MVDR = MVP
Mies Van Der Rohe is undoubtedly architecture’s most valuable player.
Why? Because his buildings and ideas are still better today.
It’s appropriate that tomorrow is Valentine’s Day – many architects love Mies the most. I’ve read the books, got the postcards and memorized his quotes. “I don’t want to be interesting. I want to be good”. Being a semi-millennial this strikes a bit of a sore point. What has happened to “good” when we’ve been so busy becoming “interesting”?
MVDR’s work is of open plan spaces, ‘less is more’ simplicity and godly details. I’m not going to give you a biography or an essay of his architecture, but will tell you my experiences.
I recently travelled to New York and naturally, had a hit list of all the buildings I wanted to see, sneakily planning my days around them. One night I happened to walk past the Seagram building, designed by Mies (and Philip Johnson) in 1954. Having been obsessed with skyscrapers from an early age, this would have to be my favourite tower of all time. I felt guilty as I hadn’t planned the run-in. It was so satisfying to see the train track-like I-beams running up to the sky. It’s the perfect combination of ‘inside on the outside’ and it’s my favourite building because of the ideas behind it.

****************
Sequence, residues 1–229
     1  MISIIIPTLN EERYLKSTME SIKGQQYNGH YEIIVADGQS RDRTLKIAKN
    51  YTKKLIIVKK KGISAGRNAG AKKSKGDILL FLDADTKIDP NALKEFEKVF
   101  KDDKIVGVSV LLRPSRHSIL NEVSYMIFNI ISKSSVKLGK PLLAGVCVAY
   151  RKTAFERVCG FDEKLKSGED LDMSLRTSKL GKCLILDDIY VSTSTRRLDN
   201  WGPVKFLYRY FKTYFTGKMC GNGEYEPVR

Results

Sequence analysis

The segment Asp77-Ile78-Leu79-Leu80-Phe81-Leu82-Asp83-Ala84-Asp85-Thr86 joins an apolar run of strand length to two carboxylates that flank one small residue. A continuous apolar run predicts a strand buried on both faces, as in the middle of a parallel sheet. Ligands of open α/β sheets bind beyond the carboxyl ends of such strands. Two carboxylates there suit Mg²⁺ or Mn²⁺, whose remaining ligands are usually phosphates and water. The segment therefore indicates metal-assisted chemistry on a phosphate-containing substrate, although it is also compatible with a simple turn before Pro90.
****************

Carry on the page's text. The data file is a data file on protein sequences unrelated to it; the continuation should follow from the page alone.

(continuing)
One of the biggest moves was the creation of an open public plaza at the front of the city block. By positioning the tower back from the street Seagram has a presence like no other. The 90 foot front setback allows people to see the building from multiple viewpoints and stand back and admire it. What kind of architect tells their client they are going to build half a building ($) on their lot for the public use? The lost NSA was made up – being the most expensive sale of a skyscraper at the time.
Mies wanted the structure visible. Building codes don’t allow for structural steel without fire protection, so the beams were made out of bronze (why not). They simply celebrate the structure on the outside of the building. A little known fact – Mies wanted uniform control of the façade and he composed the window blinds to only open fully, half way or shut because he didn’t want the blinds to look messy.
Mies’ influence is everywhere. When I lived in Melbourne I walked past the South Yarra Library by Yunken Freeman every day. It’s a black steel rectangle proportioned perfectly on the street corner. It’s essentially an exact replica and homage to Mies’ Crown Hall, another one of my favourite buildings. I would happily crane this onto a block for my own house today.
I hope you enjoyed this piece honouring Mies- we should all take a lesson.